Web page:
With autoimmune diseases on the rise in the past few decades, we’ve learned to detect early signs of an autoimmune disease to help fill in the gap about what causes the immune system to attack the body’s own tissues and organs.
With many variables and unknowns, there are a few things we do know about autoimmune diseases. For starters, autoimmune conditions can be managed, and some of the damage can even be reversed if diagnosed early enough.
The trouble is, most people get diagnosed with an autoimmune disease when significant damage has been done to major organs and so the symptoms are clear and prominent enough to make the diagnosis relatively easy to arrive at.
In fact, research shows that signs of autoimmunity can show up on tests months and even years before the patient has symptoms of a fully developed autoimmune disease. So, why is it so hard for an autoimmunity to be diagnosed early on before the damage is irreparable?
There are as many as about 80 different autoimmune diseases. The earliest symptoms of autoimmunity, however, are very, very similar. So this was the good news. The bad news is, they’re also vague, non-specific and sometimes, hard to identify as a reason for concern until the disease becomes acute which is why going to an autoimmune specialist like Dr. Autoimmune is so important.
Dr. Autoimmune and his team are dedicated to the fight against autoimmune diseases, and want to equip you with the knowledge you need to seek a medical opinion and receive an early diagnosis. So, here are some early signs to look for and some suggestions for how to track and address them with your doctor.
The skin is often the first indicator of inflammation. Any unusual rashes, redness, itchiness, blotchy and sensitive areas that show up without an obvious reason can point to an underlying inflammation going on in your body. Even acne can be a sign that something is not quite right internally.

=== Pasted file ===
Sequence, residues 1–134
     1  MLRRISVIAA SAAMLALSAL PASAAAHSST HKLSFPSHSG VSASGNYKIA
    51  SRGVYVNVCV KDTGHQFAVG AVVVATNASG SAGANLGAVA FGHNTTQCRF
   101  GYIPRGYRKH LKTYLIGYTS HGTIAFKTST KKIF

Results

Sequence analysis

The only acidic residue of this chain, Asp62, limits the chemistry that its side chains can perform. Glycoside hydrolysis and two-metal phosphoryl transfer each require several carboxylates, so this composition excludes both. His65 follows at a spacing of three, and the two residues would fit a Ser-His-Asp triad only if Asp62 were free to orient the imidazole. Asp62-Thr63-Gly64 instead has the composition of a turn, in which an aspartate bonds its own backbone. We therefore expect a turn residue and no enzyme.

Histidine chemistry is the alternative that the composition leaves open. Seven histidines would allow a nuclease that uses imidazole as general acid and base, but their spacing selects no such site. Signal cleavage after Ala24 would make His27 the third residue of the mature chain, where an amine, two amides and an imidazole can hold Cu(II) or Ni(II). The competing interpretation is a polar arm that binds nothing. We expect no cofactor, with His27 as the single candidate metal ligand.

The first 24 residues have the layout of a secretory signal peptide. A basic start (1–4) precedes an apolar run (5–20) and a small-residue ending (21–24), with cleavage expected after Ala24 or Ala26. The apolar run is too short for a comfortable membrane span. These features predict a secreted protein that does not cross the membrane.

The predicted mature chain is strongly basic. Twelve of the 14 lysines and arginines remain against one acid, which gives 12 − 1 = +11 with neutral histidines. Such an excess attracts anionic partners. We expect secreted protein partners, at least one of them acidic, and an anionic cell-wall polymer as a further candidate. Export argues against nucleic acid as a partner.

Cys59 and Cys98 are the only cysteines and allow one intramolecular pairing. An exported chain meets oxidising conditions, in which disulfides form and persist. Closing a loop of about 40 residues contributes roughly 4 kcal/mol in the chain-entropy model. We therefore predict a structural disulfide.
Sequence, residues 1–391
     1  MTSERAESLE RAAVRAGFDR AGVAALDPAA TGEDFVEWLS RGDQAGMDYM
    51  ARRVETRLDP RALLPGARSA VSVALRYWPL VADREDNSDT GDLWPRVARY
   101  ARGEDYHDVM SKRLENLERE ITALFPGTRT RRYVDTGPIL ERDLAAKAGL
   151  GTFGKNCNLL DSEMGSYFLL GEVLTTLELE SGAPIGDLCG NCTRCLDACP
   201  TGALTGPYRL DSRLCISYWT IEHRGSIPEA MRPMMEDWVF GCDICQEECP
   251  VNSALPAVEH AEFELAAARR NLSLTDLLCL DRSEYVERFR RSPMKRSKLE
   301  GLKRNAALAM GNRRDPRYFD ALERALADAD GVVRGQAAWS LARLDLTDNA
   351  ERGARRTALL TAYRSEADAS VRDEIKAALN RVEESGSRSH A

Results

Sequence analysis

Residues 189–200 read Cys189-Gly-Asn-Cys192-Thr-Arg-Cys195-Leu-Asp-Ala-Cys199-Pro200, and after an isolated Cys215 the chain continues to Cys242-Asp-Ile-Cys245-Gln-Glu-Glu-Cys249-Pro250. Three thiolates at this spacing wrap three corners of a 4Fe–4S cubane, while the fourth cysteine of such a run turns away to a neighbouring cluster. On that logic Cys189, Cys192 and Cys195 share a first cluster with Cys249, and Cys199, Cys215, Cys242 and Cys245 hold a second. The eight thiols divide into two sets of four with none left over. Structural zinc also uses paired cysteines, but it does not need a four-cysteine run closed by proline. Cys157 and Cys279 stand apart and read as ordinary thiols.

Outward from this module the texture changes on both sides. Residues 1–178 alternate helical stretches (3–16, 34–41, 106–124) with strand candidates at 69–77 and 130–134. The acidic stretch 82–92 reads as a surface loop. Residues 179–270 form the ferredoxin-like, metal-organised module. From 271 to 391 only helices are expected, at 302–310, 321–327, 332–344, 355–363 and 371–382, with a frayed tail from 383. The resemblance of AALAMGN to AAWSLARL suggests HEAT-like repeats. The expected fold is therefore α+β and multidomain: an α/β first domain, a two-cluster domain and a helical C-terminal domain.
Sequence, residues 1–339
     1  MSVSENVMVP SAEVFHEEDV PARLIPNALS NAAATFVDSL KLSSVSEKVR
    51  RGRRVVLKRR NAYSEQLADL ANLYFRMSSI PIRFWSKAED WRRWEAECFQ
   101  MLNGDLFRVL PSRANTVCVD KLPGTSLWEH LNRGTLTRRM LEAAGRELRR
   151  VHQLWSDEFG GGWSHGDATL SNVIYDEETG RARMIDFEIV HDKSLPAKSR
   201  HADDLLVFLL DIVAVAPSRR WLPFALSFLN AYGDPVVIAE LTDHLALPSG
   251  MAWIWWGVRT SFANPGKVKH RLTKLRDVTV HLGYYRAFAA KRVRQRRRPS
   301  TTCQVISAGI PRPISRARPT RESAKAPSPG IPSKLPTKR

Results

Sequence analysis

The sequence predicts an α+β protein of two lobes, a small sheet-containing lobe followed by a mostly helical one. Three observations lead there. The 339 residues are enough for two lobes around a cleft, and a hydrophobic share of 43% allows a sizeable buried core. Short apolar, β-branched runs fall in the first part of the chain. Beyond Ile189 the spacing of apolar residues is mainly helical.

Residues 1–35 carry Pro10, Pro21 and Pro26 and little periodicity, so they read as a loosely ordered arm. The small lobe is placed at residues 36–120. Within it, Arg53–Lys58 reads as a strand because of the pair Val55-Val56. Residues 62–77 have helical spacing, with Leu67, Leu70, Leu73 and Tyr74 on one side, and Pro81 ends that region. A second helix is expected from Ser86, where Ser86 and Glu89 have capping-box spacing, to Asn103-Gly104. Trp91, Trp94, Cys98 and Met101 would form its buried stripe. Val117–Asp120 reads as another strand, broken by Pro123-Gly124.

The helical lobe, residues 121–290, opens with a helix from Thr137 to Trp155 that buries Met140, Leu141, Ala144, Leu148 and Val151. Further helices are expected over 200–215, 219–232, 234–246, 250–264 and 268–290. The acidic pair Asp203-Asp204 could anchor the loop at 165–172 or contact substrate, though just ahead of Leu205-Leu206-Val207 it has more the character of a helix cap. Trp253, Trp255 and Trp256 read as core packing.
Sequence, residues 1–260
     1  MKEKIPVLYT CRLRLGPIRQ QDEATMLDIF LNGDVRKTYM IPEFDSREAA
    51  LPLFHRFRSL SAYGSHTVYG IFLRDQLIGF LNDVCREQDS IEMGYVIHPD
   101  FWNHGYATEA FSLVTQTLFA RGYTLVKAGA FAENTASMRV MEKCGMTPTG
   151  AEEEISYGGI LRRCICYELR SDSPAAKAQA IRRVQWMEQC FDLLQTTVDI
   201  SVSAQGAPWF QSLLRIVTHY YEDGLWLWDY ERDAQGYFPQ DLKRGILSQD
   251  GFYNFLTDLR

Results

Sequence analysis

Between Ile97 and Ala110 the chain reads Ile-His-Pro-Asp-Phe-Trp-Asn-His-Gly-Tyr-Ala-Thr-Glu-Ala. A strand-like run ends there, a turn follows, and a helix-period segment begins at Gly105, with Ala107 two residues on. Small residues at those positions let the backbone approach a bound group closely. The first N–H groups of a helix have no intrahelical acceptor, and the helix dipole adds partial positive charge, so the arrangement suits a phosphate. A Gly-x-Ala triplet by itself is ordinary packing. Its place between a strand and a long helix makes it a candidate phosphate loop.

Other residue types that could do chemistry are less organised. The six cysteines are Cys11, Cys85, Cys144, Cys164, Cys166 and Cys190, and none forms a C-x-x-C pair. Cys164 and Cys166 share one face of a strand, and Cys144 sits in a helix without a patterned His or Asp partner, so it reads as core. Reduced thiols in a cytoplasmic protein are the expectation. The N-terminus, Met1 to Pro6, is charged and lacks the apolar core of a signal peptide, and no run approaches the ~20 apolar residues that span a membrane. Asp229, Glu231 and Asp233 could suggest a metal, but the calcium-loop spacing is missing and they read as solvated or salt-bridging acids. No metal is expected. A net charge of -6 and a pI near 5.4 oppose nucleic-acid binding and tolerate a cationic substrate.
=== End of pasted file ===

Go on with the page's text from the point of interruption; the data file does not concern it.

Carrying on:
While none of the symptoms we mentioned above can be directly linked to an autoimmune disease, noticing more than two of these symptoms should be reason enough to track anything unusual or suspicious; especially if you have a family history of autoimmune diseases.
So, if the condition of your skin inexplicably changes, be aware that among the many possible causes, there is a chance that it can be due to an overactive immune system.
Some autoimmune diseases especially, like lupus, are directly linked to changes in the texture and the color of the skin, so also be mindful of any swollen, scaly areas.
Sun sensitivity can be another thing to look out for and keep in mind when assessing any changes in how your skin ‘behaves’. While we all need to be aware of burning in the sun, for some people with autoimmune diseases, the sun can trigger flares and make symptoms worse.
“I’ve had patients come back from vacations in Hawaii and all of a sudden they have lupus,” says Dr. Autoimmune. “And others where it’s taken months to get their disease back in check after a severe sunburn.”
Researchers know that the sun can trigger lupus in some people who were already on track to get the disease. Sun can also cause lupus flare-ups in people who already have the disease.
There is also some evidence of a connection between sunlight and flares of a disease called dermatomyositis. Research suggests that severe sunburn might also trigger flares of psoriasis and scleroderma. Scientists are still working to learn more about this.
If you’ve worked a long 8 hour day and you feel mentally and physically exhausted, this isn’t a reason to get checked for an autoimmune disease. But, feeling mentally and physically exhausted even after some solid 8 or even 9 hours of sleep everyday should not go unexamined.
For many people with an autoimmune disease, fatigue is the most debilitating symptom. The fatigue from an autoimmune disease differs from the tiredness most people feel after long periods of work or exercise, or when they haven’t slept well. It’s a feeling of exhaustion all the time that interferes with the ability to function.
These common symptoms of fatigue and ‘brain fog’ can be among the earliest signs of autoimmunity and inflammation may be the reason for some of it, and should be taken very seriously!
Fatigue is sometimes the physical manifestation of anemia of chronic inflammation – a type of anemia that can be present in cases of underlying inflammatory disease.